Defenses to Intentional Torts Consent is the most common defense The plaintiff consented to the act so they gave up the right to sue later Privilege justifies conduct that would otherwise be a tort because the defendant’s interests or those of the public require it and because public policy is best served by permitting such behavior Legal authority is a privilege that can be used to protect property and such Self-defense is the best known defense. Allows someone to come to the rescue of another person and to use the same amount of force the victim could have used to repel the attacker Defense of Property Deadly force is never allowed here
Elements of Negligence For a plaintiff to win a negligence action against the defendant, each of the following elements MUST be proven by a preponderance of evidence: Duty – the defendant owed a duty of care to the plaintiff Breach of Duty – the duty was breached (violated) by the defendant’s conduct Causation – the defendant’s conduct caused the plaintiff’s harm Damages – the plaintiff suffered actual damages
Duty and Breach Negligence law is primarily concerned with compensating victims who are harmed by a wrongdoer’s action or inaction that breaches the standard of reasonable care The Reasonable Person Standard Everyone has a duty toward everyone else in society The duty to act reasonably The law has developed an imaginary creature to help judge whether conduct is negligent The reasonable person of ordinary prudence or carefulness The reasonable person considers How LIKELY a certain harm is to occur How SERIOUS the harm would be The BURDEN involved in avoiding the harm The likelihood and seriousness of the harm are balanced against the burden of avoiding the harm The law assumes that reasonable people do not break the law!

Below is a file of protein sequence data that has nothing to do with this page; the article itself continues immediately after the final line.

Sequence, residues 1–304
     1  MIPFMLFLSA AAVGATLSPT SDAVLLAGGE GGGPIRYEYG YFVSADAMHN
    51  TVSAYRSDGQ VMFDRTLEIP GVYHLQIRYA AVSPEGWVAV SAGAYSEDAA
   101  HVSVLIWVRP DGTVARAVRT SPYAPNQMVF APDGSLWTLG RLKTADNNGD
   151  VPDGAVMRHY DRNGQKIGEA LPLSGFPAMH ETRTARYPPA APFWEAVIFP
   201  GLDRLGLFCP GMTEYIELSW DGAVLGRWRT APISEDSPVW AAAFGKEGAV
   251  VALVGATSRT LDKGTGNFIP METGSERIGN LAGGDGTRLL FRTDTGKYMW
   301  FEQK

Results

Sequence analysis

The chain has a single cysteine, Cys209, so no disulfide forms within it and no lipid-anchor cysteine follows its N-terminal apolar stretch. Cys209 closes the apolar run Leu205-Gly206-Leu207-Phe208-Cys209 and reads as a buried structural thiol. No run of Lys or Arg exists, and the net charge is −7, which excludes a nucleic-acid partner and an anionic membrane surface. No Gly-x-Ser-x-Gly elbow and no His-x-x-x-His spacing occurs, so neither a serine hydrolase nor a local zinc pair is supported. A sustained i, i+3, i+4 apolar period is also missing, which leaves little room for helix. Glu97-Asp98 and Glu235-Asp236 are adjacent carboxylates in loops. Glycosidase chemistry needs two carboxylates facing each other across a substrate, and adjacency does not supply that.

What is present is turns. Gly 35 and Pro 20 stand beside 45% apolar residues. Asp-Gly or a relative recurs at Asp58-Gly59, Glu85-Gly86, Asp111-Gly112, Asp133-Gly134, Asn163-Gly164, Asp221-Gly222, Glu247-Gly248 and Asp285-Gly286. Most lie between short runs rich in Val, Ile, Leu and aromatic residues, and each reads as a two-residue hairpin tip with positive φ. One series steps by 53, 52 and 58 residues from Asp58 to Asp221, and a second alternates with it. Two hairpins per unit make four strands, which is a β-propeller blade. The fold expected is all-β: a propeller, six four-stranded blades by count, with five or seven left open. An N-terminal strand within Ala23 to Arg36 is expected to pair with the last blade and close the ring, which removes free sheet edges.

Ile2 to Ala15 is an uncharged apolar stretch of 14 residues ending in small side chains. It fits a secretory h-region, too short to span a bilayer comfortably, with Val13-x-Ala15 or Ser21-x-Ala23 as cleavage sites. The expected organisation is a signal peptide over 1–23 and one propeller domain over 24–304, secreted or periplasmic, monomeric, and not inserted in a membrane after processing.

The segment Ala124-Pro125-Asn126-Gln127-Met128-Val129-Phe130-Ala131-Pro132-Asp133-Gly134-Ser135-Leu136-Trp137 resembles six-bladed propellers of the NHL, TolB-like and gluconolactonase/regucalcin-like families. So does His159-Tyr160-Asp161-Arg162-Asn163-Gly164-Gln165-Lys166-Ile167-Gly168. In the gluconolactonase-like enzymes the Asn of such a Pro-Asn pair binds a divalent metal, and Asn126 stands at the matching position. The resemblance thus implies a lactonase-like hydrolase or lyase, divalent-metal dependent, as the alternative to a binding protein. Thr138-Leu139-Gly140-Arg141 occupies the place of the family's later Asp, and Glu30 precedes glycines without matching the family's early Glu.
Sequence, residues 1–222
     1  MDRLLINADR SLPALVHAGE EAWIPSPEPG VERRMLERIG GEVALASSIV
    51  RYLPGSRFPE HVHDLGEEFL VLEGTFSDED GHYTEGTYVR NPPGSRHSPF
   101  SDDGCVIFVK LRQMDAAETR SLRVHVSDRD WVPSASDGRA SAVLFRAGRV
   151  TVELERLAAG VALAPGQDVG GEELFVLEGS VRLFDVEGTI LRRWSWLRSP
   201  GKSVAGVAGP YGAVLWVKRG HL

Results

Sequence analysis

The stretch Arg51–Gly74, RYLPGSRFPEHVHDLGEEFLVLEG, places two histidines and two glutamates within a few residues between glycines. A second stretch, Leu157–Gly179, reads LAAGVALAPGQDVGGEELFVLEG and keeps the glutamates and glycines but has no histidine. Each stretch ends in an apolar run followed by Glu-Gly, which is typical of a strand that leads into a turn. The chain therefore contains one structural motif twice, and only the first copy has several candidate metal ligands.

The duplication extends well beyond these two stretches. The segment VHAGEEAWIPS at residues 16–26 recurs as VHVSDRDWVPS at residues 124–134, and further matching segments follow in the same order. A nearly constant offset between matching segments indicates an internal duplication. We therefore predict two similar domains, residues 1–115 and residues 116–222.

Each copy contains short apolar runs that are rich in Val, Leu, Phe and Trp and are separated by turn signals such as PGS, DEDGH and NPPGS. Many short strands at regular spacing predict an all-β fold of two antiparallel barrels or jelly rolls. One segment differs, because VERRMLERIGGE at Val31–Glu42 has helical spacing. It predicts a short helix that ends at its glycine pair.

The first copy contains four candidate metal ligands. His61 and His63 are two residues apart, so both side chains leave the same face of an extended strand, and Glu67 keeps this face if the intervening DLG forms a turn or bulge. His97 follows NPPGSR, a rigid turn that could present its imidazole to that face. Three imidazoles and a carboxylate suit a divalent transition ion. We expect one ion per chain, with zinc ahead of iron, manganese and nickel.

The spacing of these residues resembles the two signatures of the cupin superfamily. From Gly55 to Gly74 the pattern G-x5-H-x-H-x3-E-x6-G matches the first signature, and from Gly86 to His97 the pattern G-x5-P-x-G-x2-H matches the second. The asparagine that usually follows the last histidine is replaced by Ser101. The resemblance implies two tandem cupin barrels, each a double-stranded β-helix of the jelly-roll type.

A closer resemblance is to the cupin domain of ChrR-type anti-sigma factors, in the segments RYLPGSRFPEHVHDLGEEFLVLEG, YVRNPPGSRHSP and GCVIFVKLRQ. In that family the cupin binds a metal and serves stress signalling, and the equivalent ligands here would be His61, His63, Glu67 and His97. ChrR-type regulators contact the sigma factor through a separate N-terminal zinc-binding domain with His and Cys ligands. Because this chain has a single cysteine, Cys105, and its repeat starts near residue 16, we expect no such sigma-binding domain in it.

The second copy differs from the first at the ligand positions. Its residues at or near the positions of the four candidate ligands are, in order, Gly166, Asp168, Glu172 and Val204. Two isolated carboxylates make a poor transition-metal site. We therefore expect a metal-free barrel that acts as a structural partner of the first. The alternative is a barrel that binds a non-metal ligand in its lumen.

Causation When considering the element of causation, two separate issues are looked at CAUSE IN FACT – if the harm would not have occurred without the wrongful act, the act is the cause in fact PROXIMATE CAUSE – there must be a close connection between the wrongful act and the harm caused The harm caused must have been a foreseeable result of the act or acts
Damages The plaintiff should be restored to his or her pre-injury condition The court allows for the recovery of Hospital bills Lost wages Damage to property Reduced future earnings Other economic harm The court may allow for the recovery of Pain and suffering Mental distress Permanent physical losses